Let's go in order.

First, the cucumber mignonette. Splash some of this on an oyster and it will elevate your oyster-eating experience to an entirely new level. The freshness of the oyster combined with the burst of cucumber translates into a unique, mouth-watering flavor.

"Cucumber is a typical trait or aftertaste of oysters," Fortin explains. "And for big, briny oysters it tones down the brine."

Then there's Stickel and the Oysters Rockefeller, which he created with chef Mariano Rayon.

The baked oysters are served on a bed of aromatics that include cinnamon, cardamom, anise and juniper. So as you lean in to take a bite of the oyster, the sweet smells of cinnamon and cardamom drift upward and disguise any hint of seafood.

"We kind of wanted to trick your senses," says Stickel of the dish.

 

Meanwhile, the restaurant's Tabasco granite is a frozen, shaved ice version of Tabasco sauce that can be sprinkled on raw oysters. It gives oysters a fun, cool, spicy flavor. Again, Fortin knows his stuff.

"I've never seen shaved frozen Tabasco anywhere else," Fortin says. "We're trying to do something different with oysters."

And one last tip from Fortin: Oysters are fabulous when accompanied by a sparkling sake. In this case, Zipang made by Gekkeikan.

Trust me, he's right.

Vetro by Russo's on the Bay, Howard Beach, N.Y.

The East Coast version of Donovan's Jeff Fortin can be found in Howard Beach, N.Y.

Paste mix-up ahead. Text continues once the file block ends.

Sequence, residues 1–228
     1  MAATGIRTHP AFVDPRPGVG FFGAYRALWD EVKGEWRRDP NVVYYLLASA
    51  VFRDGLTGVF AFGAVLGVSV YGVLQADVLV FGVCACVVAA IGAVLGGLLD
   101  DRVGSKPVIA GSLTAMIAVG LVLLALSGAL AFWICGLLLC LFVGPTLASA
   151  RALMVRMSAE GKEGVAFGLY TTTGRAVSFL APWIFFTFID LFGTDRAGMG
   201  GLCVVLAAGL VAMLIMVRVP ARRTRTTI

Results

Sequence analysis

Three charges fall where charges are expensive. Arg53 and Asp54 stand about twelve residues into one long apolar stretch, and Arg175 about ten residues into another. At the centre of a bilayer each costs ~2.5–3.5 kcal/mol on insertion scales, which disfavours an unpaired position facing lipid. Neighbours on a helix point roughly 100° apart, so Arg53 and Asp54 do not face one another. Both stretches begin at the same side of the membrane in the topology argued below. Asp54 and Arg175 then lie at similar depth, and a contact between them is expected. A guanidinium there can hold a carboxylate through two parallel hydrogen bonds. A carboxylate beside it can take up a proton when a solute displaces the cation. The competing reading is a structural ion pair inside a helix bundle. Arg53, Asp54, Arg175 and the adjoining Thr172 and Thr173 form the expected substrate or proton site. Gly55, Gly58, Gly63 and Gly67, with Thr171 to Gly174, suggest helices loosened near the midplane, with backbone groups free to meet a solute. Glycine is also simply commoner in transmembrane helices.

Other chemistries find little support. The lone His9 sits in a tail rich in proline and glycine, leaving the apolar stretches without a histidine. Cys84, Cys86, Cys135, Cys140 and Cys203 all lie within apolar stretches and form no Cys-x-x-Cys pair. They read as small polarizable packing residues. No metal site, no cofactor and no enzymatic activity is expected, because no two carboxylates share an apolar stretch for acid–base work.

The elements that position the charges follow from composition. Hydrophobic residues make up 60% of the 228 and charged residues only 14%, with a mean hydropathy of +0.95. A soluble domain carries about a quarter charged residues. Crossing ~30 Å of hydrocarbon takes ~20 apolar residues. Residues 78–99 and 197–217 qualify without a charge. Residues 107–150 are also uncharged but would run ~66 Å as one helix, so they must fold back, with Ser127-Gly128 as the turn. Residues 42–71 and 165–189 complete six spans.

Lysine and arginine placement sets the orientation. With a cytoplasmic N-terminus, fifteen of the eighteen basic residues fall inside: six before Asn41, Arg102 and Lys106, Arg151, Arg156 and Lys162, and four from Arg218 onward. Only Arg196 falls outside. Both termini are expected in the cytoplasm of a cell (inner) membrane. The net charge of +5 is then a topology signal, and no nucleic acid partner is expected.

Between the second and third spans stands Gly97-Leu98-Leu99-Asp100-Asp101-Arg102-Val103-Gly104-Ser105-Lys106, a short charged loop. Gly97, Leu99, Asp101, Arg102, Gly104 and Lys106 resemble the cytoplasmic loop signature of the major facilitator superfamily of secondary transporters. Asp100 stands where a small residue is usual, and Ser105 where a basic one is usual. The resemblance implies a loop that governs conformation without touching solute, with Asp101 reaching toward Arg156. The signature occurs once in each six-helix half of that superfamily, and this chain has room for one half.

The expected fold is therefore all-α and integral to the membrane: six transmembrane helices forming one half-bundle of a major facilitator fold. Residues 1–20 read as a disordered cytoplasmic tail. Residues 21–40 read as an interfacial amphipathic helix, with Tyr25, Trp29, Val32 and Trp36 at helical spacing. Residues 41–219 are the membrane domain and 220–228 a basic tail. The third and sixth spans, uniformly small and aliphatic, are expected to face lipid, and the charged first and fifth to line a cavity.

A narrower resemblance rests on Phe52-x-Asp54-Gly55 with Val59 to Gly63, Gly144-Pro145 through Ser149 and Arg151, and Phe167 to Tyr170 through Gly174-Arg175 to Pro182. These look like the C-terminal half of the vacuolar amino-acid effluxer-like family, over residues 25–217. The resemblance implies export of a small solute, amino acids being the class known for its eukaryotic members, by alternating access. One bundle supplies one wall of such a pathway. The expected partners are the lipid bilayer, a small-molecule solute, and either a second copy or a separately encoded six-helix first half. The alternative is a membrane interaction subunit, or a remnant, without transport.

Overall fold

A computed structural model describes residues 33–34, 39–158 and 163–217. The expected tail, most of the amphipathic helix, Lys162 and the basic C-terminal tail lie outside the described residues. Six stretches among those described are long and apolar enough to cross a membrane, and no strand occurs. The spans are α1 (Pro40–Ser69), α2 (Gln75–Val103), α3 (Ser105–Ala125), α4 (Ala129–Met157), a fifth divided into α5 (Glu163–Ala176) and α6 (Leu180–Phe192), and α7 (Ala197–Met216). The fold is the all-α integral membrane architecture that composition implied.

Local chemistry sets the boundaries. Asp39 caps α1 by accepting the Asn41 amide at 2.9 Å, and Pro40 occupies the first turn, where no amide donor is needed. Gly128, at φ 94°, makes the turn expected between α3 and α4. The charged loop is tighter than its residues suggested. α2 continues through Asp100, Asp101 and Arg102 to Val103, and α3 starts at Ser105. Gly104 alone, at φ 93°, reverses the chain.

Executive chef Michael DeGeorgio brings a unique creativity to his presentation of oysters, always thinking about and developing new ways to serve them. Here's two examples.

DeGeorgio's Oysters Capricciosa involves lightly coating oysters in panko crumbs, frying them and serving them beneath a salad of red onion, grape tomatoes, plum tomatoes, tarragon, garlic and baby arugula. The salad is sprinkled with olive all, champagne vinegar and chili pepper.

"Italian people do veal chops topped with salad. I decided to do an oyster that way," explains DeGeorgio.

He also features regularly another out-of-the-ordinary approach to oysters — a dish he calls Tuscan Oysters. Think of it as DeGeorgio's spin on Oysters Rockefeller. In this case the dish involves topping oysters with a mixture of sauteed wild mushrooms, spinach and Fontina cheese.

And unlike the "capricious" woman he named his first oyster dish after, who never knows what she wants, Vetro's customers know exactly what they want. DeGeorgio says his oyster dishes sell like crazy.

JRDN, San Diego

The luxury in the oyster experience here comes in large part from the spectacular view. JRDN overlooks Pacific Beach. It is literally perched on the edge of the beach, giving you an unobstructed view of the Pacific Ocean.

Sit at one of the tables on JRDN's patio slurping oysters as you watch the sun set over the ocean. Or you can choose to sit at the bar, which looks directly out at the beach as well. Either way, you can't beat the combination of a great view and JRDN's fabulous, over-the-top Grande Platter or their Petite Platter. No matter which size you order, the platter is the very definition of luxurious seafood eating. It comes overflowing with oysters, littleneck clams, jumbo prawns and Alaskan King Crab. The Grande Platter is $75, the Petite, $45.

"When you walk this platter through the dining room, people see it and say 'I want one,' " says Eric McConville, JRDN's assistant general manager.